Asymmetry in the height of the right (R) and left (L) Sylvian end points (relative to brain weight) was studied in right- and left-pawed male and female cats. The results supported the generalization that a brain symmetrical in a given region has more combined cortex than a brain that is asymmetrical for this region, but only for right-handed cats (Galaburda et al., 1987).
The effect of lithium and imipramin on paw preference was studied in cats. Paw preference was assessed by the food-reaching test. It was found that lithium decreased, and imipramin increased the asymmetry of paw use. The lithium effect was antagonized by imipramin. Paw preference appears to reflect a biochemical asymmetry in the brain.
Paw preference can be changed by injury and rehabilitation. The study investigated how age was related to the recovery of motor functions after brain-damage. 9 newborn cats and 11 adult cats had the entire left hemisphere removed i.e. affecting motor functions on the right side. The newborn-lesioned animals showed no paw preference when they reached 5 to 8 weeks of age, but most later developed a long-term preference for the unimpaired left limb. The adult-lesioned cats showed a significantly greater left limb preference. Exercising the impaired limb, was effective in reversing the paw preference bias in all of the cats, but the adult-lesioned found it more difficult to master a food retrieval task with the impaired limb.
Hand or paw preferences are common among a variety of vertebrate species. Cats had to perform two standardized manual laterality tasks, differing in postural demand. 28 cats were forced to use either a stable or unstable body posture (i.e., sitting or standing vs. vertical clinging) to extract food items from a plastic box attached at two different heights. 40% of the cats were left-handed, 30% were right-handed and 30% were ambidextrous. There was no difference in paw-preference whether the body posture was stable or unstable.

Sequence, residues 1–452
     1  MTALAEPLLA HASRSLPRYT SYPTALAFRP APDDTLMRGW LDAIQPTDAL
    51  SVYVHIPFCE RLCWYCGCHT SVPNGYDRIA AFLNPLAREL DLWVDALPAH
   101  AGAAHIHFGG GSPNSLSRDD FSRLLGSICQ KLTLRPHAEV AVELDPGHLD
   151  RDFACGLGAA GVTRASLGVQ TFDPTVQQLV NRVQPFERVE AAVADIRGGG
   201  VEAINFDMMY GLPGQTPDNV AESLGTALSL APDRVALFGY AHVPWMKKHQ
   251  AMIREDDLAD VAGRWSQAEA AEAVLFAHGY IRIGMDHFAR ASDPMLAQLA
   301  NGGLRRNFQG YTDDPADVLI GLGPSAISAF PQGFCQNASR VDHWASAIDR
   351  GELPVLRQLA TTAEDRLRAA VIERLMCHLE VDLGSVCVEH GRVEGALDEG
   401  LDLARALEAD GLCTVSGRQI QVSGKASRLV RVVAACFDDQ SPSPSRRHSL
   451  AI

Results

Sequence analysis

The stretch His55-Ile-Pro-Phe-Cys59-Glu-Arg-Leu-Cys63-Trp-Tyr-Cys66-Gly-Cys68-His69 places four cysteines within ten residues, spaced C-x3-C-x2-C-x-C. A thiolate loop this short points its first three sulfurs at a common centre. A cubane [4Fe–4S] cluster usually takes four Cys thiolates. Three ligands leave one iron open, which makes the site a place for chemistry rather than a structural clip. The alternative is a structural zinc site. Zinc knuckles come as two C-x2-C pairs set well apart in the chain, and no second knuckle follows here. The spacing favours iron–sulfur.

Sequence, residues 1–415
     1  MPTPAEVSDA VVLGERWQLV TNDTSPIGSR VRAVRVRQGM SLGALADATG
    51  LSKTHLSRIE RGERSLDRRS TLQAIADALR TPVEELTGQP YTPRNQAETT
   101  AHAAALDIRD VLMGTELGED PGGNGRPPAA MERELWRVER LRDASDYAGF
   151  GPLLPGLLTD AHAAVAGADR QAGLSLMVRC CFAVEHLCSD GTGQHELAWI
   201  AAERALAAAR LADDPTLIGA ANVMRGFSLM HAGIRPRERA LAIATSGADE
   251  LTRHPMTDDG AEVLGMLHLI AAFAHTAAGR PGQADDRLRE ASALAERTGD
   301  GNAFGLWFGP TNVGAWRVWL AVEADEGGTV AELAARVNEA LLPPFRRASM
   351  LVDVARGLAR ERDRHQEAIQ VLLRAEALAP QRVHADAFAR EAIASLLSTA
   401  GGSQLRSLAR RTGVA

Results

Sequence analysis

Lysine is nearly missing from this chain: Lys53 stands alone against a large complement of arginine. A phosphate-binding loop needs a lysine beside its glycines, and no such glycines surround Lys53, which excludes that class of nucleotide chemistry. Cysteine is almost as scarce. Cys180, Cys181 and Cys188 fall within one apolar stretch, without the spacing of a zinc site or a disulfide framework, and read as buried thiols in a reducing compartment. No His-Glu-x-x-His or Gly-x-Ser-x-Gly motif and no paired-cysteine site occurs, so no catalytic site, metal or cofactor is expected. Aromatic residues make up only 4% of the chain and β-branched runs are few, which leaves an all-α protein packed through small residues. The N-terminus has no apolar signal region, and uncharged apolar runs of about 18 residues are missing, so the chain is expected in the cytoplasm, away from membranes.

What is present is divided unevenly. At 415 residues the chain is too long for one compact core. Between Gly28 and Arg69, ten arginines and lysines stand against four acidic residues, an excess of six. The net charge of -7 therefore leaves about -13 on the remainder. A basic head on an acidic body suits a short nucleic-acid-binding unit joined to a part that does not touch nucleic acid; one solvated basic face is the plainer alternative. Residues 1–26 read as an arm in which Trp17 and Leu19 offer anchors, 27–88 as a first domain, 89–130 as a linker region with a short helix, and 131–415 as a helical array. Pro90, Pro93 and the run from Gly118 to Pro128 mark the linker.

There is a strong evidence that the dominance of language functions in the cerebral cortex differs between left-handed and right-handed people. Left-handedness tends to run in families i.e. there is a genetic factor. However, there also appear to be environmental and cultural factors involved. A polygenetic explanation which takes environmental influences into consideration is probably called for.
Agricultural societies show a significantly lower incidence of left-handedness than societies that depend on hunting. In agricultural societies, there was greater pressure for women to conform and become right-handed, to the point where no left-handed women were observed. There is no such pressure in hunting cultures and left-handed women occurred almost as frequently as left-handed men. This shows there may be cultural pressures to avoid left-handedness.